Difference between Pulsar and Quasar

Key Difference: Pulsar is a rotating neutron star, that is highly magnetized and it emits a beam of electromagnetic radiation. Quasar stands for quasi-stellar object and that refers to any of the celestial object that is similar to a star in appearance but has comparatively high red shift. They differ in various characteristics like size, type, brightness, etc.

In 1967, the first pulsar was discovered by Anthony Hewish and Jocelyn Bell at the Cambridge radio astronomy observatory. It was a discovery that was took place accidentally, as originally  twinkling radio sources were being looked by a radio astronomy observing program.

Pulsar is a type of neutron star. It stands for a pulsating radio star. It consists of three layers: A solid core, a "liquid" mantle, and a thin, solid crust. It is entirely made up of neutrons and emits regular pulses of EM radiation. Pulsars rotate very fast. These stars are the products of the explosive transformation of a massive star. The radio waves escape from a pulsar from the north and south magnetic poles.

Quasars look like stars as they are extremely luminous at all wavelengths. The first quasars were discovered in the 1960s, during the measurement of strong radio emission by them. However, later many similar objects were found who did not emit radio waves. They are believed to be in the center of active galaxies where black holes are residing.


The large redshifts exhibited by them reveals that they are at great distances. It is likely to be believed that when material spirals into the black hole; a large portion of the mass of the material gets converted into energy. This energy is what we see in terms of quasar. One can be amazed by knowing that a single quasar can brighten an entire galaxy that consists of even a hundred billion stars. Currently more than two hundred thousand quasars have been identified. These are nearly 780 million to 28 billion lights years away from us.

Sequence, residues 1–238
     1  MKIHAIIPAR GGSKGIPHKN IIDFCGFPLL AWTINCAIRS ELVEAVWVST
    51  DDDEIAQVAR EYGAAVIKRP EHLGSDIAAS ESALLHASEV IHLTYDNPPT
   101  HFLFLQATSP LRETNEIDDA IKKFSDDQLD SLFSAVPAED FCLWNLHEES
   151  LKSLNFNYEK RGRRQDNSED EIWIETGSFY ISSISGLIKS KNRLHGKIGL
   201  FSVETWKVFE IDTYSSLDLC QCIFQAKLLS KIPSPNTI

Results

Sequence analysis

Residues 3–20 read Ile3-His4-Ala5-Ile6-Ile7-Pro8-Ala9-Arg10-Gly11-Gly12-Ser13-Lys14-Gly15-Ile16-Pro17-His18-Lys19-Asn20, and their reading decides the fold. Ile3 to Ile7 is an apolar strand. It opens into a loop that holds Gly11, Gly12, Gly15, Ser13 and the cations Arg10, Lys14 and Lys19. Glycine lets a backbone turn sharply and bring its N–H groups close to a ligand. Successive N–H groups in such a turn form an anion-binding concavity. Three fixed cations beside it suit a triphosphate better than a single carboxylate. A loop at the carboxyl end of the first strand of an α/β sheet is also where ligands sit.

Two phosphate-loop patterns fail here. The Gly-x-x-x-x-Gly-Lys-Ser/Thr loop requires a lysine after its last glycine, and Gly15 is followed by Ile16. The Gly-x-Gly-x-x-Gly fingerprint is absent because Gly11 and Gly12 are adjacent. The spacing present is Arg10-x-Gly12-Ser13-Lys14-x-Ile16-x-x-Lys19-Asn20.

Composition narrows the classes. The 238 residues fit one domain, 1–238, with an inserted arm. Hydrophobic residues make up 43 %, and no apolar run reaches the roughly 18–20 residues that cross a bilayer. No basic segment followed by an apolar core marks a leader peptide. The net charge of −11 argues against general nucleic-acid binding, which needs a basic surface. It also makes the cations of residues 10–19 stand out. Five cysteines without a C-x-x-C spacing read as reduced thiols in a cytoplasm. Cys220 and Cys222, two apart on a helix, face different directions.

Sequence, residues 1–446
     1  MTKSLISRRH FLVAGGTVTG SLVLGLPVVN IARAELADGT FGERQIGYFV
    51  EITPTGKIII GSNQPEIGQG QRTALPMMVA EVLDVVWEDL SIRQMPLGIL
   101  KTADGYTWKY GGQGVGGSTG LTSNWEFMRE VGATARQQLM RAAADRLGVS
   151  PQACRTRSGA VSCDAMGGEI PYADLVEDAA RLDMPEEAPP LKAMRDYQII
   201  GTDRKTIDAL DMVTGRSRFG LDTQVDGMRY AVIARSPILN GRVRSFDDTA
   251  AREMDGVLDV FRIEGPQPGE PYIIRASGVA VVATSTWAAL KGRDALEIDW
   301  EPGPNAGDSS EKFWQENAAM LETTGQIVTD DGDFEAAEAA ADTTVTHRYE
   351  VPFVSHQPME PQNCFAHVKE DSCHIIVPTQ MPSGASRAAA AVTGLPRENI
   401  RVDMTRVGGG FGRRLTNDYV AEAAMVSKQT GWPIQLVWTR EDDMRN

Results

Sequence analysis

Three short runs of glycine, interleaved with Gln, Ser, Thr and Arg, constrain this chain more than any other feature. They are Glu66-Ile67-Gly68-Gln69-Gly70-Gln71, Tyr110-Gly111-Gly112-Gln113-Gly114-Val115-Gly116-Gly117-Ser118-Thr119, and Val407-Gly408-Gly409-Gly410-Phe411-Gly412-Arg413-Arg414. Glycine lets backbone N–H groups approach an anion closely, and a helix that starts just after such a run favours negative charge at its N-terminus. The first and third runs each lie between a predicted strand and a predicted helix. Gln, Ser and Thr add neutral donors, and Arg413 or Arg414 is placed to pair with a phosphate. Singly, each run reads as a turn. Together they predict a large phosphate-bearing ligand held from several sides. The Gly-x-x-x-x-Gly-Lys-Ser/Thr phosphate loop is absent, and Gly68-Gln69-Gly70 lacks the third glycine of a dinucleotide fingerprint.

They differ in various aspects but they are also similar in many terms. Both are Celestial objects that often emit radio waves and also emit energy in the form of visible light, X-ray, and gamma-ray ranges of wavelengths.

Some of the key differences are listed below:-





Pulsating radio stars

Quasi-stellar radio source


Highly magnetized rotating neutron stars

Extremely powerful and distant active galactic nucleus.


Comparatively less

Comparatively more







Pulse and rotation



Association with black holes




Pulsars are roughly contemporary

Quasars are oldest objects

Image Courtesy: imagine.gsfc.nasa.gov, electric-cosmos.org

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very useful

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